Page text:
Basal cell carcinoma
Basal cell carcinoma Open the popup dialog
Basal cell carcinoma is a type of skin cancer. Basal cell carcinoma begins in basal cells – a type of cell in the skin that makes new skin cells when old ones die.Basal cell carcinoma Treatment Hyderabad
- Basal cell carcinoma often appears as a slightly transparent lump on the skin, although it can take other forms. Basal cell carcinoma most commonly occurs in areas of the skin that are exposed to the sun, such as the B. Head and Neck.
- It is believed that most basal cell carcinomas are caused by long-term exposure to ultraviolet (UV) rays from sunlight. Avoiding the sun and using sunscreen can help protect against basal cell carcinoma.
Basal cell carcinoma usually develops in parts of your body that are exposed to the sun, especially the head and neck. Less commonly, basal cell carcinoma may develop in parts of your body that are generally protected from the sun, such as the: B. the genitals.
- Basal cell carcinoma occurs as a change in the skin such as B. a growth or a wound that does not heal. These skin changes (lesions) usually have one of the following characteristics:
- A pearly white, skin colored, or pink bump that is translucent, which means you can see a little through the surface. Tiny blood vessels are often visible. In people with darker skin, the lesion may be darker but still a little translucent. This lesion is the most common type of basal cell carcinoma and is common on the face and ears. The lesion may tear, bleed, and form a scab.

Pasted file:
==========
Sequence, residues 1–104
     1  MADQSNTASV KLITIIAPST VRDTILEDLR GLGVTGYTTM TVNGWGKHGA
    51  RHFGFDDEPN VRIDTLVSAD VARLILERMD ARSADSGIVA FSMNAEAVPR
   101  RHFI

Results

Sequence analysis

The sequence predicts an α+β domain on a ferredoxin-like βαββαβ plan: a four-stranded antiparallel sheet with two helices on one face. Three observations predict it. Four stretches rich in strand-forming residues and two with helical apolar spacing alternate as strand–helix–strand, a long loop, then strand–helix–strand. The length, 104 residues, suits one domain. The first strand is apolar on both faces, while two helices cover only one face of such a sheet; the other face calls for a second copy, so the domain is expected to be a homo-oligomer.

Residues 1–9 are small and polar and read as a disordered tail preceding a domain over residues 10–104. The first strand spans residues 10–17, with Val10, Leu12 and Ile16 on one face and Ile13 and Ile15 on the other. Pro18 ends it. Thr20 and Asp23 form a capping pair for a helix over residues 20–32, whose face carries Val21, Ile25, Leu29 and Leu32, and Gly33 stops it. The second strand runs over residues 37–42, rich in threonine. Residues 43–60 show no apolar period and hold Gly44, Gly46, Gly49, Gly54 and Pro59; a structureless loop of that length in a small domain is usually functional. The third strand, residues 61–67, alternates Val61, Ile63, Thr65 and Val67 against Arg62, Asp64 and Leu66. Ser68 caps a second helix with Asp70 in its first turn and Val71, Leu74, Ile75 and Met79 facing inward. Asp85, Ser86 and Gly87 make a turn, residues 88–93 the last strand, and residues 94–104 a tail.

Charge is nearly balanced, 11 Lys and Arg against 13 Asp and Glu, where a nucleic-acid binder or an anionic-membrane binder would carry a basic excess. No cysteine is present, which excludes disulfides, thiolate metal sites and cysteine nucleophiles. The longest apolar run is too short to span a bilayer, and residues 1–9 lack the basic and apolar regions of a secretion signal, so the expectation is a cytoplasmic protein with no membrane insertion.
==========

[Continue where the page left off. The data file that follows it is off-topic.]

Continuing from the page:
A brown, black, or blue lesion – or a lesion with dark spots – with a slightly raised translucent border.
A flat, scaly, reddish spot with a raised edge is more common on the back or chest. Over time, these corrections can become very extensive.
Where skin cancer grows
Where does skin cancer grow? Open the popup dialog
Basal cell carcinoma occurs when one of the basal cells in the skin develops a mutation in its DNA.
- Basal cells are located at the bottom of the epidermis – the outermost layer of skin. Basal cells produce new skin cells. As new skin cells are produced, they push the older cells to the surface of the skin, where the old cells die and are shed.
- The process of creating new skin cells is controlled by DNA from a basal cell. DNA contains the instructions that tell a cell what to do. The mutation tells the basal cell to multiply quickly and keep growing when it would normally die. Eventually, the abnormal cells that build up can form a cancerous tumor – the lesion that appears on the skin.
Factors that increase your risk for basal cell carcinoma include:
- Chronic exposure to the sun. Spending time in the sun – or in commercial tanning beds – increases the risk of basal cell carcinoma. The threat is greater if you live in a sunny location or at high altitude, both of which are more exposed to UV rays. Severe sunburns also increase your risk.Basal cell carcinoma Treatment Hyderabad
- Radiotherapy. Radiation therapy to treat acne or other skin conditions can increase the risk of basal cell carcinoma in previous treatment sites on the skin.
- Clean skin. The risk of basal cell carcinoma is higher in people with freckles or a slight stinging sensation, or with very light skin, red or blonde hair, or light eyes.
- Increased age. Because basal cell carcinoma often takes decades to develop, the majority of basal cell carcinomas occur in older people. However, it can affect young adults as well and is increasingly common in people in their twenties and thirties.
- A personal or family history of skin cancer. If you have had basal cell carcinoma one or more times, there is a good chance you will get it again. If you have a family history of skin cancer, you may be at increased risk of developing basal cell carcinoma.
To reduce your risk of basal cell carcinoma, you can:
- Avoid the sun in the middle of the day. In many places, the sun’s rays are strongest between around 10 a.m. and 4:00 p.m. Plan outdoor activities.Basal cell carcinoma Treatment Hyderabad